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Joel on Software

Input on suggested ASP.NET architecture

I am a semi-experienced .NET-developer currently working on a sort of portal software. It is simply my companys Intranet that we are using internally and also have sold (dear god make it stop) to external customers. This Intranet was developed by very inexperienced developers in ASP and some VB6. As you can imagine it is not exactly of-the-shelf-software that you can easily install at a client, nor is it by any measure bug free. Internally, it works fine, but add some changes and it becomes a mess.

It's main features are a simple content management part, where anyone can write articles etc and publish on the Intranet, either directly if they have sufficient access or to an editor that can in turn publish it. Other features include a small file archive, photo album, employee listings and a very simple calendar for booking company and group-wide meetings.

What we would want is of course for all of this to be extensible in the simplest possible way, so that if we actually sell it to a client, we can change what we have easily and add new features in a painless way. My idea for accomplishing this is what this is all about.

First, we need menus. The idea is that a "menu" basically can do two things, have children in the form of more menu objects and point to a specific "component". These components are the core of the system. One component could for instance be "ArticleLister" or "PersonLister". In the database I have three tables (actually more, but for this discussion that will do), Menu, Component and ComponentClass.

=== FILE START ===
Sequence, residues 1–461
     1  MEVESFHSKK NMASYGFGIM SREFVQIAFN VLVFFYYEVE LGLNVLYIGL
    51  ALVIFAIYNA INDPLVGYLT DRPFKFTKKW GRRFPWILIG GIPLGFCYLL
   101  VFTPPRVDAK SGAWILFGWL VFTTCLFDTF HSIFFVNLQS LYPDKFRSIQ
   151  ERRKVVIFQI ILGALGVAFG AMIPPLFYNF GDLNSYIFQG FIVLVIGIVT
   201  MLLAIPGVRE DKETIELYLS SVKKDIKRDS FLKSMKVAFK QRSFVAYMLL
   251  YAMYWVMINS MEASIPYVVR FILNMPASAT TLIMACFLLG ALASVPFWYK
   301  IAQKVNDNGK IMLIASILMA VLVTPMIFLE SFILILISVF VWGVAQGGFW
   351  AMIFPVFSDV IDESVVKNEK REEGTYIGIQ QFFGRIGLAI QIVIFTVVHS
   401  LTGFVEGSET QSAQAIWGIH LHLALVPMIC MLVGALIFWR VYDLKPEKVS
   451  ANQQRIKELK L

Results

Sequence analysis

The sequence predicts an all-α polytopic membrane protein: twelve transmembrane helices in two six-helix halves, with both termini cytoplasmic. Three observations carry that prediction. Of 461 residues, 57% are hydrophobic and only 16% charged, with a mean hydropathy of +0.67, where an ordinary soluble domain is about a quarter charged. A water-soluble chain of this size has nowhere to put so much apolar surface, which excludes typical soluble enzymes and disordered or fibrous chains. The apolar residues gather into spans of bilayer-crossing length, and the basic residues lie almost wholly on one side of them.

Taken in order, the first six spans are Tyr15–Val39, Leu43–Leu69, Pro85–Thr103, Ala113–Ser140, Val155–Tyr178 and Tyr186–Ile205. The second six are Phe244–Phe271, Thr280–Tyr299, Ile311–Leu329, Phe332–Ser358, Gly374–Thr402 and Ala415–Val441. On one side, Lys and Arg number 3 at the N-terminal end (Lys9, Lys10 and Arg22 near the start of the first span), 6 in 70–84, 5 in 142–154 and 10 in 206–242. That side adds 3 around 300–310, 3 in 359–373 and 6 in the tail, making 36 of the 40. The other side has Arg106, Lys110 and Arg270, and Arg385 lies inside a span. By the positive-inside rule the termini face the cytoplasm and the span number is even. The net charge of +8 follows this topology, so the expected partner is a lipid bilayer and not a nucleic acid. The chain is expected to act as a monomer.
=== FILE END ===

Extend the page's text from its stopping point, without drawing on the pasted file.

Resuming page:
Menu has three fields, ID, ParentID and ComponentID. Component only has two fields, ComponentID and ComponentClassID. ComponentClass, of course, is the interesting one. There you have ComponentClassID, ClassName and ConfiguratorClassName.

The system works like this: A user clicks on an item in the menu. This raises an event, obviously, that I handle in a page called index.aspx. The eventhandler for that event calls a method in a custom webcontrol in index.aspx called ComponentLoader. The method is of course called LoadComponent and takes the ID for the component to load. The ComponentLoader then gets the class name from the database, uses Reflection to load the correct assembly, get a specific type, identify the correct constructor, etc etc, and calls the constructor Component(ComponentID). This constructor then loads whatever settings apply to this component and then it does its work. The nice part is that neither menu, index or componentloader knows in advance what specific componentclass it is loading, they all inherit from a supertype called Component.

The Administration Interface is going to be implemented as a Component that loads the Configurator for a specific Component. The Configurator will simply be yet another webcontrol that exposes an interface for changing settings for a specific Component.

All of this makes the process of actually adding say, a ForumComponent very easy. You just inherit Component, write a constructor that takes the ID, write a Configurator, add these classnames to the database and hey, presto! you are set to go.

I would love some of your input on this approach, is it sound or crazy?

Tommie Nygren
Wednesday, March 19, 2003

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